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Key changes of the new Finnish Trademarks Act
The Finnish Trademarks Act came into force on 1 May 2019. The purpose of the new law is to modernize Finnish regulations on trademark rights, and implement the EU Trademark Directive. Some of the key changes introduced in the new Act are highlighted below.
Amendments to the list of goods and services
The practice of interpreting the lists of goods and services relating to trademarks filed before 1 January 2014 has changed significantly. It may become necessary to specify the list of goods of such trademarks, for instance in cases where the application only contains class headings of the Nice Classification.
With marks filed before 1 October 2012, it was considered sufficient to include the class heading or identify the number of the class in the application in order for the trademark to cover all goods or services in that class. For marks filed between 1 October 2012 and 31 December 2013, the list could be supplemented with a statement that the mark covers all other goods/services included in the class in the Nice alphabetical list.
We therefore recommend updating the list of goods and services of these marks for instance in case other goods or services besides the class headings should also be covered. A request for spcifying the list of goods should be filed with the Finnish Patent and Registration Office at the latest in connection with the next renewal of the mark.
Representation of the mark
According to the new Act, a graphical representation of the mark is no longer necessary, as long as the form of representation of the mark is otherwise sufficiently clear, precise and intelligible. The change will facilitate the filing of trademarks involving, for instance, motion or sounds.
In the previous practice, marks registered in black and white have been considered to cover all colours. In accordance with the new Act, marks filed in black and white are considered to only cover the black and white form of the mark. However, the new interpretation does not apply to black and white marks filed before the entry into force of the new Act, and they are still considered to cover all colours.
We advise our clients to protect their trademark in the form in which it will be used. This is important because you may later have to prove that you are actually using the mark, for instance in case an opposition or a cancellation action based on non-use is filed against your mark. If you make changes to your trademark, you may want to protect the new version separately to secure your exclusive right to the mark.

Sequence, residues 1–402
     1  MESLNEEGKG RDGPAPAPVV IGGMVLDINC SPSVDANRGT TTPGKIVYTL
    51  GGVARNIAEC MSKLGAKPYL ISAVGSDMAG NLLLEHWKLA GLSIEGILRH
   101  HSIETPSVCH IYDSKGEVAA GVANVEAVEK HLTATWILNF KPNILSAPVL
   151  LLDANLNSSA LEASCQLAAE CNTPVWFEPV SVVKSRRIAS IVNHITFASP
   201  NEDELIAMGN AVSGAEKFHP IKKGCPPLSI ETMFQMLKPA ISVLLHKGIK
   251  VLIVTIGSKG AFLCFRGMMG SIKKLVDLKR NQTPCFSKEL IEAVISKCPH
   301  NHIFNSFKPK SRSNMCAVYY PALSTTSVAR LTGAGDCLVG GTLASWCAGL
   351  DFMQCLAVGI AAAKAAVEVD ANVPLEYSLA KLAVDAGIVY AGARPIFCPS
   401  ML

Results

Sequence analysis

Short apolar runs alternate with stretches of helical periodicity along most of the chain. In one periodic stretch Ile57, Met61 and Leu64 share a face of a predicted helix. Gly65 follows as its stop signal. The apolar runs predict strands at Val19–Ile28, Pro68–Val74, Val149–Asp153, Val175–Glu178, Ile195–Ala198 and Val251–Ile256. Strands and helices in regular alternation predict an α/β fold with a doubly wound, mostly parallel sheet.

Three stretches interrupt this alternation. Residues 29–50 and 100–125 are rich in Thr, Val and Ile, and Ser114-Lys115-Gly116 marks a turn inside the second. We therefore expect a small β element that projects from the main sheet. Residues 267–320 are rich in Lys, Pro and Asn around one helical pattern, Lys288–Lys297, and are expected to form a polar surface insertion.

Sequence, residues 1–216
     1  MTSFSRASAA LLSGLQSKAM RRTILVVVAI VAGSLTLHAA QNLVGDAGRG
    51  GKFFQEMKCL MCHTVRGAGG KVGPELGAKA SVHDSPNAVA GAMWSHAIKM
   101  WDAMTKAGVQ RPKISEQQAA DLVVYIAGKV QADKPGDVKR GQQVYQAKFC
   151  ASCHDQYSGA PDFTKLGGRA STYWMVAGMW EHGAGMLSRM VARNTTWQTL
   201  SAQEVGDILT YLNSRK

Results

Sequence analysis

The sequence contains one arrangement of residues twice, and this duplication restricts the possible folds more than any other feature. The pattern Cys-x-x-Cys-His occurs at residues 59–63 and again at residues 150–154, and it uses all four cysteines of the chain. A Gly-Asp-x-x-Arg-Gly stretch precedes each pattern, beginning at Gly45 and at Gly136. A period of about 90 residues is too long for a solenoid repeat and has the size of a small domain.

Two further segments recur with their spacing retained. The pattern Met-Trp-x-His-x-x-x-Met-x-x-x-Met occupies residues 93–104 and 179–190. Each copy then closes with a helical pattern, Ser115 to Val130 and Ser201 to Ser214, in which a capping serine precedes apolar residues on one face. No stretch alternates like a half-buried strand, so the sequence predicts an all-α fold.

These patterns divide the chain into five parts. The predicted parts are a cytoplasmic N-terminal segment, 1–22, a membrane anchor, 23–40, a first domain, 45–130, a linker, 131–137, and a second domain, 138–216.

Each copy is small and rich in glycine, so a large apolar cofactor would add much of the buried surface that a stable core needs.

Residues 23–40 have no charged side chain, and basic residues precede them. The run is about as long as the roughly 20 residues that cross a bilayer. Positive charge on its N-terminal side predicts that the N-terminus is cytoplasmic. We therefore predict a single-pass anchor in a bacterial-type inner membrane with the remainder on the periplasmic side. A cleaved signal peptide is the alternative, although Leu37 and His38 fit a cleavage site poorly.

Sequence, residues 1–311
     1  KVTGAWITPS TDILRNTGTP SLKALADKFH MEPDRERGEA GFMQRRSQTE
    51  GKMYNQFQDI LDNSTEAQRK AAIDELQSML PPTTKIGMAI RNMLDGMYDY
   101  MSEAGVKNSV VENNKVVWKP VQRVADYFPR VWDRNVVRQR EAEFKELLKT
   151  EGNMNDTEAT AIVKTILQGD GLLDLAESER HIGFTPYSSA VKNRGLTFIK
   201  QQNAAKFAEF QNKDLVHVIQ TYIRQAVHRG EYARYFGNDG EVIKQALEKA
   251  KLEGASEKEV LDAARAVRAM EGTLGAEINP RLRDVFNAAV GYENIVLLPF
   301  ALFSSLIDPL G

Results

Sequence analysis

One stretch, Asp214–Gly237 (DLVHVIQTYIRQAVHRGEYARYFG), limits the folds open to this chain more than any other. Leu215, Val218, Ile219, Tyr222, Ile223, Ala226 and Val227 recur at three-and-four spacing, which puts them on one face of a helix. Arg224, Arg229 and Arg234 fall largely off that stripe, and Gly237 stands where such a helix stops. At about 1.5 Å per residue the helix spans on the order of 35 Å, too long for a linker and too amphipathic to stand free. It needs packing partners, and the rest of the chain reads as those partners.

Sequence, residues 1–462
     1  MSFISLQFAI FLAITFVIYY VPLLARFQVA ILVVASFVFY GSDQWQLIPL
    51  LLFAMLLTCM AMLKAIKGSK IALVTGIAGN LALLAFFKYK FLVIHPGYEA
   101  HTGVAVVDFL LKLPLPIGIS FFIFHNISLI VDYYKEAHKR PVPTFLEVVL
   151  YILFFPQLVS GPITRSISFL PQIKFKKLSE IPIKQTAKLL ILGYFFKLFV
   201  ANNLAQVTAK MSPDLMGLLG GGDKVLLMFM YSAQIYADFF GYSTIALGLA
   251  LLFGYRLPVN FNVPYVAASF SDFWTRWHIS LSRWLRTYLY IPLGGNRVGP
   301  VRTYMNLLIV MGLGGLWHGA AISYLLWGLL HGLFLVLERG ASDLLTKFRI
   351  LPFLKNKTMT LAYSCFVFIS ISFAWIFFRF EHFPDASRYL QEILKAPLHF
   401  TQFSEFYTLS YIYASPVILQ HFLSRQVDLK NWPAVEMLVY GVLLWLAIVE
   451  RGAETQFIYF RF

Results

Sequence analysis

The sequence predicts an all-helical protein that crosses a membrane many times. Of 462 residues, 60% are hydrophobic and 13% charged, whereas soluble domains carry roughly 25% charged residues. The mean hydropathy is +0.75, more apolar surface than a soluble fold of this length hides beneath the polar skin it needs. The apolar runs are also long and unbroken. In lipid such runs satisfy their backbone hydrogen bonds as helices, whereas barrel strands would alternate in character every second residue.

No need to submit a power of attorney
As a rule a power of attorney is no longer needed in any proceedings.
Restoration of a missed term
Dismissed applications can be reinstated by paying a reinstatement fee and by correcting the deficiencies in the application.
Term of registration
The term of registration of trademarks filed under the new legislation is 10 years from the filing date, not from the registration date. This change does not affect the term of registration of marks filed prior to the entry into force of the new legislation.
Changes to the opposition procedure
The new Act makes changes to the opposition procedure. The opposition parties are now able to jointly request a cooling-off period for trying to reach a friendly settlement before commencement of the adversarial part of the proceedings. The initial cooling-off period is 2 months, and it is extendable to a maximum of 12 months in total.
Also non-use has become possible as a defence in opposition proceedings. At the request of the applicant, the proprietor of an earlier trademark with regard to which the registration procedure was concluded over five years ago must furnish proof that the earlier trademark has been put to genuine use during the five-year period preceding the filing date or date of priority of the later trademark, or that proper reasons for non-use existed. If proof of use is not submitted, the opposition will be rejected.
New administrative cancellation procedure
The new legislation introduces an alternative to the Court process in the form of an administrative cancellation procedure (revocation or declaration of invalidity) before the Patent Office. In comparison with the Court process, the official fees payable in connection with the administrative procedure are significantly lower. The parties must also bear their own costs in the matter.
Should you have any questions, just contact our trademark attorneys!